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United States of America v. Capital Tax Corp.

May 31, 2012

UNITED STATES OF AMERICA, PLAINTIFF,
v.
CAPITAL TAX CORP., ET AL., DEFENDANTS.



The opinion of the court was delivered by: Magistrate Judge Young B. Kim

MEMORANDUM OPINION and ORDER

Before the court is the government's petition for rule to show cause why SunWest Mortgage Company, Inc. ("SunWest") and Defendant William Lerch should not be held in contempt for violating the citations to discover assets and this court's July 19, 2011 garnishment order. For the following reasons, the petition is denied:

Background

On January 13, 2011, the government served a citation to discover assets on SunWest.

(R. 377.) SunWest responded by providing documents showing that it was paying Lerch $1,379.77 per month under a reverse mortgage loan agreement. (R. 433, June 29, 2012 Mem. Opinion and Ord. at 2-3.) On June 29, 2011, this court granted the government's motion for a garnishment order with respect to the $1,379.77 monthly payments. (Id. at 10.) The garnishment order states that SunWest must submit to the government the stream of $1,379.77 monthly payments it owed to Lerch. (R. 440.) The court further ordered SunWest to continue to submit the stream of these payments until the debt to the government was fully paid or "until SunWest no longer ha[d] custody, possession or control of property belonging to Lerch," or until subsequent order of the court. (Id.) In response, SunWest forwarded the February and March 2011 payments, totaling $2, 759.54, to the government. (R. 490, Govt.'s Pet. at 1.)

When the government inquired of SunWest regarding the deficiency in the amount turned over, SunWest explained that three months prior to the court's issuance of the garnishment order, Lerch had instructed SunWest to terminate the monthly payments to him.

(R. 490, Ex. B.) Under the relevant provisions of the reverse mortgage agreement, Lerch had three ways of borrowing money from SunWest: (1) monthly payments; (2) a line of credit without monthly payments; or (3) a line of credit with monthly payments. (R. 513-1, Loan Agreement at 2-3.) On March 11, 2011, without informing this court or the government, Lerch requested that SunWest stop his monthly payments and issue a line of credit instead. SunWest honored the request and converted the amount available for loan advances ($183,525.18) to a line of credit ("the conversion"). (R. 490, Ex. B.) SunWest, however, froze this line of credit because of this pending matter between the government and Lerch. (Id.)

The government petitions the court pursuant to Federal Rule of Civil Procedure 69 and Illinois Supreme Court Rule 277(h) for a rule to show cause. Pursuant to Rule 69,*fn1 this court must follow Illinois procedural rules to address the issues the government raises in its petition. According to Illinois Supreme Court Rule 277(h), "[a]ny person who fails to obey a citation, subpoena, or order or other direction of the court issued pursuant to any provision of this rule may be punished for contempt." The government claims in its petition that Lerch violated the citation to discover assets served on him when he requested the conversion and that SunWest violated the citation and the July 19, 2011 garnishment order when it honored Lerch's request and failed to turnover additional sums to the government. (R. 490 at 2.) The government, however, did not develop or identify any legal support for its arguments in its petition.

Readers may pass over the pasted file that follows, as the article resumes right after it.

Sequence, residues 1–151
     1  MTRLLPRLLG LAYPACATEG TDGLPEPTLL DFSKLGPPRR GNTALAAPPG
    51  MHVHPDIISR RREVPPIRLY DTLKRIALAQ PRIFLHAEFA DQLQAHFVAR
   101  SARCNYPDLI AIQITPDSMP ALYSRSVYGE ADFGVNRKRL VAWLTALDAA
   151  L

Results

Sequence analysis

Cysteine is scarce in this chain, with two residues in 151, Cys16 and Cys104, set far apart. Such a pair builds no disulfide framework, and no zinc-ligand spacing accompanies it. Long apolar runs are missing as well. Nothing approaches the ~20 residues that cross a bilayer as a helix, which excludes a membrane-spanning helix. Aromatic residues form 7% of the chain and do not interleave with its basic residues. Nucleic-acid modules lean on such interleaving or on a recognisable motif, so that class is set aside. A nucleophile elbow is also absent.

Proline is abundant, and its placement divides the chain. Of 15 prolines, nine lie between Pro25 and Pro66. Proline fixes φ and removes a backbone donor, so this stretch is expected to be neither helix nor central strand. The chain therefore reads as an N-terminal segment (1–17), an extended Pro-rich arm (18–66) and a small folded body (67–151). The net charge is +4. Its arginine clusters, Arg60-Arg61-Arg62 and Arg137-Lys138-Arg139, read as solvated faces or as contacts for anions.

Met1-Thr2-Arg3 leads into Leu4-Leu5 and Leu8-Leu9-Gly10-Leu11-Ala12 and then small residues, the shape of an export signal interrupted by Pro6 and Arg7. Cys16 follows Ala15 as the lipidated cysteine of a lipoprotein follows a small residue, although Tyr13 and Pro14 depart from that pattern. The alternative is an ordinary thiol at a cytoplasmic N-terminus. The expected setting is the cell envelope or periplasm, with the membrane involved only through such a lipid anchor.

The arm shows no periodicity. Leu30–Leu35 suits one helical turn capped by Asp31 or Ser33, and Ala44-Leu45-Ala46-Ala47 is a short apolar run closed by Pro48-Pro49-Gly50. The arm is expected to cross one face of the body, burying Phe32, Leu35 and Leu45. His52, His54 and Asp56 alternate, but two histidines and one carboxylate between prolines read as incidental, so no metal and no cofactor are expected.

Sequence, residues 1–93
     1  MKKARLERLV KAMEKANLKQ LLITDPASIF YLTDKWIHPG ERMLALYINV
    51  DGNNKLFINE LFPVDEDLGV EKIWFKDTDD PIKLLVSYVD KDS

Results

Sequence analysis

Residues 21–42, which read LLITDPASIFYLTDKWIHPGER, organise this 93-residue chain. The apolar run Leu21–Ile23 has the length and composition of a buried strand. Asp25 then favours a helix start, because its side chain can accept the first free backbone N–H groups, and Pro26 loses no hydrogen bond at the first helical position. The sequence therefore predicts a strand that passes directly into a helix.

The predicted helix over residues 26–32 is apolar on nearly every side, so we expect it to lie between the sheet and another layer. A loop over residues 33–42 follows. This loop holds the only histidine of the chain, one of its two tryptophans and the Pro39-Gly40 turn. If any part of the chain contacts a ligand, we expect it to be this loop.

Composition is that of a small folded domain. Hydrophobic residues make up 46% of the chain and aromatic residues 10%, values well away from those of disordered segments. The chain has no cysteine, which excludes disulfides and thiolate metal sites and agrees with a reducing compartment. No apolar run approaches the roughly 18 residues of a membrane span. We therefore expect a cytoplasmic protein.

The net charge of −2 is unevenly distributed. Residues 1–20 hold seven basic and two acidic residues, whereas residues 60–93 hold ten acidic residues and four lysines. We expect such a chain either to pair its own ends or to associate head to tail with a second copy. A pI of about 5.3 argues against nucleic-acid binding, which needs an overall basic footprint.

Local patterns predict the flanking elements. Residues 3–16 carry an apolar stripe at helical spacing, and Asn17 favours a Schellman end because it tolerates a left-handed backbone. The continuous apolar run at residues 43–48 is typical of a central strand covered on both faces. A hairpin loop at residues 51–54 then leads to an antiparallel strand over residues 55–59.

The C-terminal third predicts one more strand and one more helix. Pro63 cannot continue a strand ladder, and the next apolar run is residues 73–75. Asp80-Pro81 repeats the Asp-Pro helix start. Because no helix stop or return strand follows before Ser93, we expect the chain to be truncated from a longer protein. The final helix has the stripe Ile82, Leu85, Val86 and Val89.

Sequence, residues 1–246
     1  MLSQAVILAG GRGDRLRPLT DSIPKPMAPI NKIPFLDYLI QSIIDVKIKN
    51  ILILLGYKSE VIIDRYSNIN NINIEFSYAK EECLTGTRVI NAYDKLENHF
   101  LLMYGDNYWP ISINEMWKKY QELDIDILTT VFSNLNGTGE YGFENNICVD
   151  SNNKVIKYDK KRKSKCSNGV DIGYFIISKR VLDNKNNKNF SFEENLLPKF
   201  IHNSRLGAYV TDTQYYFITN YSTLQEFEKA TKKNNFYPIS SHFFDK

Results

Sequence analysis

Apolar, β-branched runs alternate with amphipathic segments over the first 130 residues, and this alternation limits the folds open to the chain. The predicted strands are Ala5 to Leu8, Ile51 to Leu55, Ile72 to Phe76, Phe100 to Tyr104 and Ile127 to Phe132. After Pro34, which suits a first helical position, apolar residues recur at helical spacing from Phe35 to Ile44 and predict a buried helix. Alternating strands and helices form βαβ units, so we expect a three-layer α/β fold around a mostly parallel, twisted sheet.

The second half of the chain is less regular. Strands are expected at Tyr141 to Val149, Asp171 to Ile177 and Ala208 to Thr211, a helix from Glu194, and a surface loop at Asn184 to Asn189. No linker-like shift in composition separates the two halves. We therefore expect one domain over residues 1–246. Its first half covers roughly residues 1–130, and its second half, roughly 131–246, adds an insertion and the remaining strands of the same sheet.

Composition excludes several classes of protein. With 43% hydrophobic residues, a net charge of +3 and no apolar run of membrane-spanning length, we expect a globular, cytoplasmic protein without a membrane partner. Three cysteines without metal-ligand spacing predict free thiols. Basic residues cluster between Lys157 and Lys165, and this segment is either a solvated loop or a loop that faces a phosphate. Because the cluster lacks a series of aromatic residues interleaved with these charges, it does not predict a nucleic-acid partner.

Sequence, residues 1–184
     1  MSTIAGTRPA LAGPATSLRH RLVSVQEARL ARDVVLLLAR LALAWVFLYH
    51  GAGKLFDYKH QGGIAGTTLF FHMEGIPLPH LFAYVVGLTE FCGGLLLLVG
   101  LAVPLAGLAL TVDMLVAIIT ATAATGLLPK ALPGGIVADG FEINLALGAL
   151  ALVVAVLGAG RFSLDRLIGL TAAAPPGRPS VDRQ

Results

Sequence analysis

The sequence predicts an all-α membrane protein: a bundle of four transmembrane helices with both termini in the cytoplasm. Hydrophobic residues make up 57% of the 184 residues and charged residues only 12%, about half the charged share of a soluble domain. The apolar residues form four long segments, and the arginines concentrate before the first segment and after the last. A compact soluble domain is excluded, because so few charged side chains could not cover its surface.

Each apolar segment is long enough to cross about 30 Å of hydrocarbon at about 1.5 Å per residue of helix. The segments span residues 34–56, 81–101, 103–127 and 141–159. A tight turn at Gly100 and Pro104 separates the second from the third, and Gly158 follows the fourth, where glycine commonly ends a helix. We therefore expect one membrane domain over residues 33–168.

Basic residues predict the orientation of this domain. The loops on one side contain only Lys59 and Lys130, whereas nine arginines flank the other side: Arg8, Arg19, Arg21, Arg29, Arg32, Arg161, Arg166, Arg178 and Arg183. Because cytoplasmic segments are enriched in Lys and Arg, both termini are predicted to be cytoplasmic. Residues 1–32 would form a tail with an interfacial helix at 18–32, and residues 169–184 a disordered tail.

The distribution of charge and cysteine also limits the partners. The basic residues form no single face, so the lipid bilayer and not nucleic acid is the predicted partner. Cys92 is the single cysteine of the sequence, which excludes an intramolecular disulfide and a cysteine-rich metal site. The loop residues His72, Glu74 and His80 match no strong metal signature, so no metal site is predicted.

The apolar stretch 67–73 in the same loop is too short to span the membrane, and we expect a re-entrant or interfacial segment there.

On March 7, 2012, the court held a motion hearing. The court expressed its opinion that the issue of whether Lerch and SunWest violated any citations or garnishment orders depended primarily on the ownership of the remaining balance of the reverse mortgage ($183,525.18). The government took the position that the court need not ask the question of who has the ownership interest in this balance because it argued that when Lerch directed SunWest to terminate the monthly stream of income, he altered the status quo, and thus violated the citation. The proper remedy for this violation, according to the government, is to order SunWest to restore the stream of income and then to submit those payments to the government until the balance is depleted. Lerch argued at the hearing that unless and until a monthly loan advance is paid out by SunWest, the funds available to him under the reverse mortgage contract are not his property, and therefore he does not own the balance available as a line of credit. He argued that to hold otherwise would amount to the court forcing Lerch to borrow money using his exempt real property as collateral.